Huron River Watershed Council

1100 N Main St
Ann Arbor MI 48104
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Opening Hours

  • Mon: 9am-4:30pm
  • Tue: 9am-4:30pm
  • Wed: 9am-4:30pm
  • Thu: 9am-4:30pm
  • Fri: 9am-4:30pm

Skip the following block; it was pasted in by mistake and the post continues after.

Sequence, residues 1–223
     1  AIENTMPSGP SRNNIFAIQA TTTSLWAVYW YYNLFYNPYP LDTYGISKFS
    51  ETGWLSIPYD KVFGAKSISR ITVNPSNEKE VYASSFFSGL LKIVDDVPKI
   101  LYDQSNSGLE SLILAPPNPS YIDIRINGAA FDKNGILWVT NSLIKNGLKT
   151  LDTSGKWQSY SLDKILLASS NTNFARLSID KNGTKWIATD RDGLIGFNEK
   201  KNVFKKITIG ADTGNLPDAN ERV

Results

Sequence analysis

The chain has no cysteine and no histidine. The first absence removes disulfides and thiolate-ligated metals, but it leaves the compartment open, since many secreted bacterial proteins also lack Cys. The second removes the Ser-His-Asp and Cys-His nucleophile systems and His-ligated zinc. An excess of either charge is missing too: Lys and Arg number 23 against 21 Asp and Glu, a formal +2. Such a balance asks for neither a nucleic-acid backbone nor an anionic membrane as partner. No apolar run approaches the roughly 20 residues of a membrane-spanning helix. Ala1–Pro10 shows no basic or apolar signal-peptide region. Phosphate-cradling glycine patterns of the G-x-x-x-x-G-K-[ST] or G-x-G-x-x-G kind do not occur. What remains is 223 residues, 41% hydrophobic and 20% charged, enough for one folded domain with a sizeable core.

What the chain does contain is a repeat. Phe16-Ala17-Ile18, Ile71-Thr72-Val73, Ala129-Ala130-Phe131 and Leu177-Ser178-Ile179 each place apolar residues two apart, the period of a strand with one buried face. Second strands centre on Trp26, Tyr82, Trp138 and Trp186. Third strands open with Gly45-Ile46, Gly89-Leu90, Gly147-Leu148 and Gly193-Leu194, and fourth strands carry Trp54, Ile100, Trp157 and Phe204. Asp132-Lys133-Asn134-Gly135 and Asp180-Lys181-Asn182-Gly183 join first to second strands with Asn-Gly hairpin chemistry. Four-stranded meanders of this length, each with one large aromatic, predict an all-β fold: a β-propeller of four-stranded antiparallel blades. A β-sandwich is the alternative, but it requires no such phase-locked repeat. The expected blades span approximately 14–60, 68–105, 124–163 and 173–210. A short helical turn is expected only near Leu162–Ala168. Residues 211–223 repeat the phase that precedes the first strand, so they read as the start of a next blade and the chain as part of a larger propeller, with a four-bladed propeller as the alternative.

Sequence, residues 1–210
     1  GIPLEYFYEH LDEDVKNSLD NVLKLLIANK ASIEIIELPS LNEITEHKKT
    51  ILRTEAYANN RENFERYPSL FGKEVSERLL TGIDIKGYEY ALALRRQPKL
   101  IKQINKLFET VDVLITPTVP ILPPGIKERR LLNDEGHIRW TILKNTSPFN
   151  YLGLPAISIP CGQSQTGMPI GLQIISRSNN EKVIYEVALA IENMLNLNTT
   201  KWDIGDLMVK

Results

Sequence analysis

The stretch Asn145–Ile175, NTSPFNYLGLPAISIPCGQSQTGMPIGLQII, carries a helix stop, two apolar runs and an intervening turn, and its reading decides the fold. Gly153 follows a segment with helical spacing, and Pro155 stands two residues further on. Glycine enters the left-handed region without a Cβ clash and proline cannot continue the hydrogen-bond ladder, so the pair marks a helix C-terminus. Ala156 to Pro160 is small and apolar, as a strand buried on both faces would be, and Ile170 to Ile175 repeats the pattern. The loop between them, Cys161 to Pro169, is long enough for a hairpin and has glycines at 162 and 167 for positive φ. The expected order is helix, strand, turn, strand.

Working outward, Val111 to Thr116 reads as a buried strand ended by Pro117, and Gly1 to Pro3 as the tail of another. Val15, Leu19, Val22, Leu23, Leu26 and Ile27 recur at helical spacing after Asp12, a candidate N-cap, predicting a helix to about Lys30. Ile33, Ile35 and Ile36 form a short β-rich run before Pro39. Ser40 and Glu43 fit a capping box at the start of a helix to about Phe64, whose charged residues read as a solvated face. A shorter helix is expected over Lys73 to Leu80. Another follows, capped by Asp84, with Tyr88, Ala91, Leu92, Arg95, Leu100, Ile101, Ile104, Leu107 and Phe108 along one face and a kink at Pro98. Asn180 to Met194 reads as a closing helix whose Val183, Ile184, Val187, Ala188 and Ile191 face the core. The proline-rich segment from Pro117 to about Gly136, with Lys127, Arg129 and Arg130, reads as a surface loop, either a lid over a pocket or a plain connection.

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Founded in 1965, the Huron River Watershed Council ( HRWC ) is southeast Michigan's oldest environmental organization dedicated to river protection. The Council's mission is to inspire attitudes, behaviors, and economies that protect, rehabilitate, and sustain the ecological and cultural communities of the Huron River ecosystem. HRWC is a nonprofit coalition of Huron Valley residents, businesses, and local governments. The Council bridges political boundaries by building partnerships between and among communities, community leaders, residents, and commercial enterprises. Serving those constituencies, HRWC monitors the Huron River, its tributaries, lakes, and groundwater, and directs multiple programs addressing pollution prevention and abatement, wetland and floodplain protection, citizen education, and natural resource and land-use planning. Since it was formed, the Council has served as a place where local units of government and citizens have discussed problems and sought solutions to critical issues affecting the River. Even though the Council has no enforcement powers, it has accomplished its goals through the use of technical data, factual information and citizen stewardship to influence decisions made by various local and state agencies. Where is Huron River Watershed Located In southeastern Michigan, the Huron River Watershed spans a land area of more than 900 square miles and drains water to the Huron River through hundreds of tributary creeks and streams. The river itself flows more than 125 miles from its headwaters at Big Lake, near Pontiac, to its mouth at Lake Erie. The river's drainage area includes seven Michigan counties ( Oakland, Livingston, Ingham, Jackson, Washtenaw, Wayne, Monroe ), 63 municipal governments, and a half million residents. Mission Statement: The mission of the Council is to inspire attitudes, behaviors, and economies that protect, rehabilitate, and sustain the Huron River system. Stream monitoring by volunteers: HRWC has developed the premiere citizen-monitoring network in the State. Our strong quality assurance and quality control mechanisms allow agencies to confidently use this data to direct water protection programs. Educating the public: HRWC has an award-winning mass media campaign aimed at changing behaviors to keep our water safe and clean.